responses. Approaches include 'Watch, wait and wonder,' manipulation of sensitive responsiveness, modified  
'Interaction Guidance,' 'Preschool Parent Psychotherapy,' 'Circle of Security', Attachment and Biobehavioral Catch-
up (ABC), the New Orleans Intervention, and Parent-Child psychotherapy. Other treatment methods include
Developmental, Individual-difference, and Relationship-based therapy (DIR, also referred to as Floor Time) by
Stanley Greenspan, although DIR is primarily directed to treatment of  pervasive developmental disorders.

The relevance of these approaches to intervention with fostered and adopted children with RAD or older children
with significant histories of maltreatment is unclear.

In 2005 the American Academy of Child and Adolescent Psychiatry laid down guidelines (devised by N.W.Boris and
C.H.Zeanah) based on its published parameters for the diagnosis and treatment of RAD. Recommendations in the
guidelines include the following:

1.        "Although the diagnosis of reactive attachment disorder is based on symptoms displayed by the child,
assessing the caregiver's attitudes toward and perceptions about the child is important for treatment selection."

2.        "Children who meet criteria for reactive attachment disorder and who display aggressive and oppositional
behavior require adjunctive (additional) treatments."

3.        "Children with reactive attachment disorder are presumed to have grossly disturbed internal models for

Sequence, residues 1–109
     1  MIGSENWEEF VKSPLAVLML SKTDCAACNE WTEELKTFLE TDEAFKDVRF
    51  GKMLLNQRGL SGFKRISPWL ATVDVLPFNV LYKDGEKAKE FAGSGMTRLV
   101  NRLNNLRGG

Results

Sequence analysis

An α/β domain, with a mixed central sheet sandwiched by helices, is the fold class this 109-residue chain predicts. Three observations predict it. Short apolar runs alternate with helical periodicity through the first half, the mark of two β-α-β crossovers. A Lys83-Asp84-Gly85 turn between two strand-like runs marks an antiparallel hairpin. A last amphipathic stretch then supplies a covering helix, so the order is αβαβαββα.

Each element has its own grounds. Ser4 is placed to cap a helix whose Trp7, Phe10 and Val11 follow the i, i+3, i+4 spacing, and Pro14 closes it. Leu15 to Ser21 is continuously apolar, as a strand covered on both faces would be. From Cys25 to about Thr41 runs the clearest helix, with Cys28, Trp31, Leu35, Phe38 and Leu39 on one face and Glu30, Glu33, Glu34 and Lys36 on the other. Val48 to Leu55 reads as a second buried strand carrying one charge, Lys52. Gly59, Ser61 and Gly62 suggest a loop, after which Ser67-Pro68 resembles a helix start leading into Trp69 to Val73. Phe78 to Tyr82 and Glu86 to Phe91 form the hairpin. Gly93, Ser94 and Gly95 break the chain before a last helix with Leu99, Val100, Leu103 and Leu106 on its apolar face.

relating to others. After ensuring that the child is in a safe and stable placement, effective attachment treatment
must focus on creating positive interactions with caregivers."

4.        "The most important intervention for young children diagnosed with reactive attachment disorder and who
lack an attachment to a discriminated caregiver is for the clinician to advocate for providing the child with an
emotionally available attachment figure."

Treatment is twofold. The first priority is to make sure the child is currently in a safe environment where emotional
and physical needs are met.

Once that has been established, the next step is to alter the relationship between the caregiver and the child, if the
caregiver has caused the problem. Parenting skills classes can help with this. These skills give the caregiver an
ability to meet the child's needs and help them bond with their child.

The caregiver should also undergo counseling to work on any current problems, such as drug abuse or family
violence. Social Services should follow the family to make sure the child remains in a safe, stable environment.